Proceedings of the Third World Fisheries Congress: Feeding the World with Fish in the Next Millenium—The Balance between Production and Environment

Development and Prospect of the Chinese Fisheries

Jian Yang

doi: https://doi.org/10.47886/9781888569551.ch1

The Third World Fisheries Congress is ceremoniously opened today. Fishery officials and experts from around the world gather to exchange academic views, present technical achievements, and project the blueprint of future world fisheries. All these will surely play an active role in the sustainable development of world fisheries in the new millennium. I wish the congress a complete success.

I am very honored to be given this opportunity to brief you on the development of Chinese fisheries on behalf of Chinese Ministry of Agriculture. Chinese fisheries development enjoys a long history that has made its due contribution to world fisheries. The founding of the People’s Republic of China ushered in a new era for Chinese fisheries. Particularly since 1978, when the reform and opening- up policy were introduced, the Chinese government has adjusted the guidelines and policies for fisheries development based on national conditions and changing fishery resources. As a result, the enthusiasm and creativity of fishers and farmers were high, which quickly ushered along the Chinese fisheries and brought about outstanding achievements. Comprehensive fishery productivity was notably enhanced, and fishery product output increased, reaching 41.22 million tons in 1999— more than seven times greater than in 1978—ranking the first in the world for the decade. Within this total, aquaculture production reached 23.96 million tons, 14.5 times more than in 1978. The proportion of aquaculture production in fishery production increased from 26% to 58%, making China the only country in the world that has more aquaculture than fishing. Fishery products per capita increased each year, from 4.8 kg in 1978 to 32.7 kg in 1999, exceeding the world average. Meanwhile, the proportion of output value of total fisheries in total agricultural output value also increased, from 1.6% in 1978 to 10.3% in 1999. The foreign trade of fishery products witnessed robust growth, which registered 2.6532 million tons in 1999, with a total value of US$4.43 billion. Of this total, the export volume was 1.348 million tons, valued at $3.14 billion. These figures reflect increases of 13.6 times and 11 times 1978 volumes, respectively. The annual increases were 13.6% and 12.6%, respectively. At present, the Chinese fisheries have developed to encompass aquaculture, fishing, processing, distribution, and the fishery industry as well as scientific research and education.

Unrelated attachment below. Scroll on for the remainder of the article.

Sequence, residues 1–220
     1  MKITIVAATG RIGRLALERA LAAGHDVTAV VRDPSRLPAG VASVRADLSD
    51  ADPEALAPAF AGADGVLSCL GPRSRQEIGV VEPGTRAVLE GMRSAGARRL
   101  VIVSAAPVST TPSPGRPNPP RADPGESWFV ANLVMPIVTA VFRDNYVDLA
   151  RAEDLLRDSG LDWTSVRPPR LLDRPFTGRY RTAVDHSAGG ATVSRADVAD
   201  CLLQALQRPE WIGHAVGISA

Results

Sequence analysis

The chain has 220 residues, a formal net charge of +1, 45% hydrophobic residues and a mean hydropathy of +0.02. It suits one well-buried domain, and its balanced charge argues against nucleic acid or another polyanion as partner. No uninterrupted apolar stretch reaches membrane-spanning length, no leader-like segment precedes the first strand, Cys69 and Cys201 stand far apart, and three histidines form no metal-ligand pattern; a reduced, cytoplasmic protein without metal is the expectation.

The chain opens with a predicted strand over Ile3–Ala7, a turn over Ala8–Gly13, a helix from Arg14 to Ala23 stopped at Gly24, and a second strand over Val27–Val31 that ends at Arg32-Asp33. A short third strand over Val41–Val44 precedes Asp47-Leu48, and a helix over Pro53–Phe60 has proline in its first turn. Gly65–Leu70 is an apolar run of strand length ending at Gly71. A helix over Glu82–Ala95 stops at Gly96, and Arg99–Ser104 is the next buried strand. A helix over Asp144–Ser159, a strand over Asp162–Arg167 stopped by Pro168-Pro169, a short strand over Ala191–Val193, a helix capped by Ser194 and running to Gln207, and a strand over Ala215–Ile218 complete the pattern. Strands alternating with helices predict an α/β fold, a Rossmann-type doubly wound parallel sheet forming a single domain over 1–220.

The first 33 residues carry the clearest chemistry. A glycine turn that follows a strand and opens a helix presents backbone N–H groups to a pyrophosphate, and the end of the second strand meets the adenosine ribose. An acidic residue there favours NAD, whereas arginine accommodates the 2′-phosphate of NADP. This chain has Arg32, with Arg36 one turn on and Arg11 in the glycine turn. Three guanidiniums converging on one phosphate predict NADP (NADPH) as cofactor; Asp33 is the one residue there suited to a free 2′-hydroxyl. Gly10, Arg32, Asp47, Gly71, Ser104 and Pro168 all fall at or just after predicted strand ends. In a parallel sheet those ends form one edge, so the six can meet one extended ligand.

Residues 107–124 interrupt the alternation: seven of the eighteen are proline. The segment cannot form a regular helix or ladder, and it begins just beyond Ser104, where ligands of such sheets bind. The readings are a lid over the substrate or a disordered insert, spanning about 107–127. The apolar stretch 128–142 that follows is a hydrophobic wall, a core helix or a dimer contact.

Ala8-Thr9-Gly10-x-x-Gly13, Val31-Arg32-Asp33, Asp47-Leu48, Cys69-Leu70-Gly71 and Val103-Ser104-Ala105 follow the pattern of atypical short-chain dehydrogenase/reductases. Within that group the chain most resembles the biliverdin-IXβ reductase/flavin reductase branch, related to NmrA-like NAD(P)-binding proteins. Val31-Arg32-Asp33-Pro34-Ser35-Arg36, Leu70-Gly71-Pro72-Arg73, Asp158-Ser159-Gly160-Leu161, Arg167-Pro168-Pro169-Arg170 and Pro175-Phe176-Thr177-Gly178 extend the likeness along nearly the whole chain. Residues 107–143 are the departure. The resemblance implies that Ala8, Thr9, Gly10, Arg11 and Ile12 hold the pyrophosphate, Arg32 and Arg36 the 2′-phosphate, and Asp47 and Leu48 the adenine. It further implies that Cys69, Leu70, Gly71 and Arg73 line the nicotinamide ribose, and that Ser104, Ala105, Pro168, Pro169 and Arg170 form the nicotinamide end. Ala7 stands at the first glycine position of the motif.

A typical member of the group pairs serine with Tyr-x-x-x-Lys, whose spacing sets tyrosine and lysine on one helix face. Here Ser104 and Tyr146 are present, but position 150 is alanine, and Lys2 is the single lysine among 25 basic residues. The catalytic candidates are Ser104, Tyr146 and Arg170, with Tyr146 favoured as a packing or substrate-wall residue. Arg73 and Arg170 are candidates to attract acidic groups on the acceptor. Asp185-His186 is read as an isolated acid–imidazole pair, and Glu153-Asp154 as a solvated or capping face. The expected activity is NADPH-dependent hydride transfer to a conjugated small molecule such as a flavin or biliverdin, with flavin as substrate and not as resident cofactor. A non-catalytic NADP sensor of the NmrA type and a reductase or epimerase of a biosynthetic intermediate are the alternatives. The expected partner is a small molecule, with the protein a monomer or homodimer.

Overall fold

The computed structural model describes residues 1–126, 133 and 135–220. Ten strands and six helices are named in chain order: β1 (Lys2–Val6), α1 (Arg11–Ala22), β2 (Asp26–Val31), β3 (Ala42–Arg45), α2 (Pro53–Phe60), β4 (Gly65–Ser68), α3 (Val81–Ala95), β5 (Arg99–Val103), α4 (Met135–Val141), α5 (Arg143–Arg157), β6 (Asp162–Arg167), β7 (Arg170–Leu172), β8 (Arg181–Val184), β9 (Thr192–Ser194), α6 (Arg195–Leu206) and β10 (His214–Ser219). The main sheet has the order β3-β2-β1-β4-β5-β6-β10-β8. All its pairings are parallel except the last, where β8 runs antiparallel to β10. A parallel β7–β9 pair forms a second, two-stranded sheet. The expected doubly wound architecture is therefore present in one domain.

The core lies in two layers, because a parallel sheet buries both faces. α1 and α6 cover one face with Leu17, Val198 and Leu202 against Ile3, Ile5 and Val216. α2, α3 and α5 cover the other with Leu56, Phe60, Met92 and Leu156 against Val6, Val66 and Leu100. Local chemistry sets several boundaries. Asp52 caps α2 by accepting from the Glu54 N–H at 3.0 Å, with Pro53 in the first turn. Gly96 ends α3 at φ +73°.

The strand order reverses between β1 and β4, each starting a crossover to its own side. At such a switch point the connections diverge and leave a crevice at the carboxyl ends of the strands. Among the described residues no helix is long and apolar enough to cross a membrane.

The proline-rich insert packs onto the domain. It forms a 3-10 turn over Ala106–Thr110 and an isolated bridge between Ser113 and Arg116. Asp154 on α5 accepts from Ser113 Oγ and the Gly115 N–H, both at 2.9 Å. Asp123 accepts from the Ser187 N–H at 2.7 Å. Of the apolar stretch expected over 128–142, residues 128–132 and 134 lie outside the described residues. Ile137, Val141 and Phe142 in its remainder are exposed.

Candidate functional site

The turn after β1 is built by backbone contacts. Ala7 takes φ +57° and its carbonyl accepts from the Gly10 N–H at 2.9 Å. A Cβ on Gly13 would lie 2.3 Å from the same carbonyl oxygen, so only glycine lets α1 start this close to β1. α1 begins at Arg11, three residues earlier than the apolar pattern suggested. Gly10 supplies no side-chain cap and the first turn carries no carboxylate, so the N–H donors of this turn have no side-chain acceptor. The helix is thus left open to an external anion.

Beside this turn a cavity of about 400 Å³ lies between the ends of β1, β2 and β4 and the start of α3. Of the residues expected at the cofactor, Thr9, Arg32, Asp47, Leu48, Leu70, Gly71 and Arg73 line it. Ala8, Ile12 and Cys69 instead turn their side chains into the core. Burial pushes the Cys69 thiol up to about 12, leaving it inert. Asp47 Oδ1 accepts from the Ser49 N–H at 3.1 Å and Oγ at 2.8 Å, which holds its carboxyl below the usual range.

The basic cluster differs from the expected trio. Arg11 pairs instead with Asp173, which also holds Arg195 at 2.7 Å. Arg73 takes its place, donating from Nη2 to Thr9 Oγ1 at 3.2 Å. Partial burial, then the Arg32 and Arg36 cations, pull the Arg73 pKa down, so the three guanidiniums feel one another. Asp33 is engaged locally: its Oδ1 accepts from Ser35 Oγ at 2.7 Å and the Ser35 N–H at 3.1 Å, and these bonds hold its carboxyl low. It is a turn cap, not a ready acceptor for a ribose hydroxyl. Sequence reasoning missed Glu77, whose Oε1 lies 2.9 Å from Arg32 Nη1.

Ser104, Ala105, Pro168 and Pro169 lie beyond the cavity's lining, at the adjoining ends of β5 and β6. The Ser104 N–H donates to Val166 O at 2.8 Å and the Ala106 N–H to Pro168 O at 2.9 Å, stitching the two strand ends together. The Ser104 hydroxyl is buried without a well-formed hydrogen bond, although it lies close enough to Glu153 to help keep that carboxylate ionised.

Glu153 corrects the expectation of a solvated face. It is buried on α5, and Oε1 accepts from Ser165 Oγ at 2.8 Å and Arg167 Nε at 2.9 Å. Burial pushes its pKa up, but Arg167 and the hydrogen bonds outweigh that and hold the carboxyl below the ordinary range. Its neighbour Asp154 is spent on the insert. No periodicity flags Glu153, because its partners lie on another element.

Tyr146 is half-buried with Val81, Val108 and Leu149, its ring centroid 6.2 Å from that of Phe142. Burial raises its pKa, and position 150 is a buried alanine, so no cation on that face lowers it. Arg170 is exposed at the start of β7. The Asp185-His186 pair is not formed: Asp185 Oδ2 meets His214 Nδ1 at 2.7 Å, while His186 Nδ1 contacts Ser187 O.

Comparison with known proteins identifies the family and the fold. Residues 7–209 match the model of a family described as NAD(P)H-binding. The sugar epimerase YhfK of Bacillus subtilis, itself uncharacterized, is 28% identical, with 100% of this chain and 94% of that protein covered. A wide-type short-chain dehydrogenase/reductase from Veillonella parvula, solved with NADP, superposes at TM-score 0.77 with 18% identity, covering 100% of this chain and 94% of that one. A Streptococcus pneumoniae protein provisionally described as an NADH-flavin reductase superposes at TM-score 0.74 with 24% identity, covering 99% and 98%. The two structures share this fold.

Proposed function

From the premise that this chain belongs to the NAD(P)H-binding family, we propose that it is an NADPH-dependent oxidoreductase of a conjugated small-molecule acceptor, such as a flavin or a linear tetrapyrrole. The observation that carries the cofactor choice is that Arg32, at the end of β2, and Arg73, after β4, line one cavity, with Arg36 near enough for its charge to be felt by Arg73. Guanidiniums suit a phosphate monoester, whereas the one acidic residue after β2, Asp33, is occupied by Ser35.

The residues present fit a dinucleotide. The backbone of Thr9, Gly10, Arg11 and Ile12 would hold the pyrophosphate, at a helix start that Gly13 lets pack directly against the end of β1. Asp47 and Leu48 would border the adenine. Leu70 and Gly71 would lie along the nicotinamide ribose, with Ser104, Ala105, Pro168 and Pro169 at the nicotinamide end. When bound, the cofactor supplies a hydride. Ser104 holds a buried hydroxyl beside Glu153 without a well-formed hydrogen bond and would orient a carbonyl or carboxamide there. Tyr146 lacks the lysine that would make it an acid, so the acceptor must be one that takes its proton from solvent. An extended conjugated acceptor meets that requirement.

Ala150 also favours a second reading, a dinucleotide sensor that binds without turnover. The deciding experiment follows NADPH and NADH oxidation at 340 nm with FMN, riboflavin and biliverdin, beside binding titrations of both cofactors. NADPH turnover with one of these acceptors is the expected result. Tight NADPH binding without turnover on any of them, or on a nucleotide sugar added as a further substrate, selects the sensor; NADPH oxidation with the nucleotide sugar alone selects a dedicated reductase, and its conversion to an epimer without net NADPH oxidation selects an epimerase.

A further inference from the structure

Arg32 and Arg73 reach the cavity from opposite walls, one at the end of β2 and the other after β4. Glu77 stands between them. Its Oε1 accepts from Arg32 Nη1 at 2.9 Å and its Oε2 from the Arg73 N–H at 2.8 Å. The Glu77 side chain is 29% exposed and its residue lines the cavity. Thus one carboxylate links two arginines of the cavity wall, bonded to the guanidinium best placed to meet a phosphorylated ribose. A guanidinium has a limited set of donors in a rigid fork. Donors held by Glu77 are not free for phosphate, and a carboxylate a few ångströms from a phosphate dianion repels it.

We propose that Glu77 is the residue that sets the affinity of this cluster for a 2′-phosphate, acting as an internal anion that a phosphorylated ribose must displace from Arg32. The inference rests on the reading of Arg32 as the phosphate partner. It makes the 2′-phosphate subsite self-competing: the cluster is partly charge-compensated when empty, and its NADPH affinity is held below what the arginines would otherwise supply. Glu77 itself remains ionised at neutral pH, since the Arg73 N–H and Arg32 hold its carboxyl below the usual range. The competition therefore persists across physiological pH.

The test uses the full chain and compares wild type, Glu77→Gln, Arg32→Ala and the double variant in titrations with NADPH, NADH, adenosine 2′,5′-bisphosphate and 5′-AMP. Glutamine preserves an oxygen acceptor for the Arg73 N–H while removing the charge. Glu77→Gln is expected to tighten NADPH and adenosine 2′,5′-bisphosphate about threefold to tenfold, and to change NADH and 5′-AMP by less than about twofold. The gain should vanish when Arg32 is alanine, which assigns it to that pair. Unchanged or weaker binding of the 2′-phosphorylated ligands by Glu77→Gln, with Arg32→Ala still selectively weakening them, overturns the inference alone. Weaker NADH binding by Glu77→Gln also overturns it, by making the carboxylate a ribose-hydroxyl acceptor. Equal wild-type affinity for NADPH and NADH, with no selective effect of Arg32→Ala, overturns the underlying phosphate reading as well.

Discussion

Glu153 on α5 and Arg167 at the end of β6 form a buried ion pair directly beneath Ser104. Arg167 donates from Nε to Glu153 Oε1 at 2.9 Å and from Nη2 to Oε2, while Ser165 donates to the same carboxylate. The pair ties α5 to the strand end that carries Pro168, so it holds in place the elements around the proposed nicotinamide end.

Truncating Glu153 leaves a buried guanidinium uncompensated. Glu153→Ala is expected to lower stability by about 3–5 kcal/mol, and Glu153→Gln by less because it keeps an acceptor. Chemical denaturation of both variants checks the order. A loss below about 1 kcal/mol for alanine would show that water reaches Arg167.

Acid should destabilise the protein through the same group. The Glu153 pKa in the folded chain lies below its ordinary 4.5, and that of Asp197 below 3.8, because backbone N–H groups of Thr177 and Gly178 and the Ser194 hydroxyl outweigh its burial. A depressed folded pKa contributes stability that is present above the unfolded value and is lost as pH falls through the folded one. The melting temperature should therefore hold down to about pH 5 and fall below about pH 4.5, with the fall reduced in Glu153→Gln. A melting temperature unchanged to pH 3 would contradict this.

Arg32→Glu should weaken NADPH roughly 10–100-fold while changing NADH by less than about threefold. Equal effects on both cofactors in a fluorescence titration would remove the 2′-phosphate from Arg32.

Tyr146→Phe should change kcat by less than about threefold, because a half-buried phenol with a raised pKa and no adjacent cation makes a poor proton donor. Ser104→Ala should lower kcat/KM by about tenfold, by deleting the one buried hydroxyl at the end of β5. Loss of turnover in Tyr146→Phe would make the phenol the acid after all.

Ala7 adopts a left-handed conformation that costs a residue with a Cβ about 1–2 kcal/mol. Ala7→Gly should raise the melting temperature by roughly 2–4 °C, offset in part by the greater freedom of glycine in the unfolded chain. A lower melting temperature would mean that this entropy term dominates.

Fishery products are a main source of protein in the human food supply and in the food supply of Chinese citizens. Fisheries development plays an active role in diversifying the farm produce market, raising the standard of living, improving the food supply, and enhancing health. Especially in recent years, the status and functions of fisheries have increased dramatically in the national economy. Fisheries development has become a new growth point in the rural economy that has demonstrated its pivotal contribution in adjusting and optimizing agricultural structure, increasing farmers’ income, and promoting rural economy.

Fisheries development has facilitated a flourishing and stable market. Aquatic products have long been favored by Chinese consumers because of their delicious taste and rich nutrition. Because of the historically low level of fishery productivity, the slow increase in fishery production could hardly meet market demand. A shortage of fish was a potential problem for Chinese citizens. In the 1980s, the fishery product market was entirely opened, and aquaculture was prioritized in fisheries development. As a result, fisheries productivity was highly liberated, fisheries production greatly increased, product varieties diversified, and product freshness and quality improved significantly. At present, the supply of Chinese fisheries products is adequate, the market is flourishing, prices are stable, and purchases and sales are robust. Chinese consumers have free choice of various fishery products.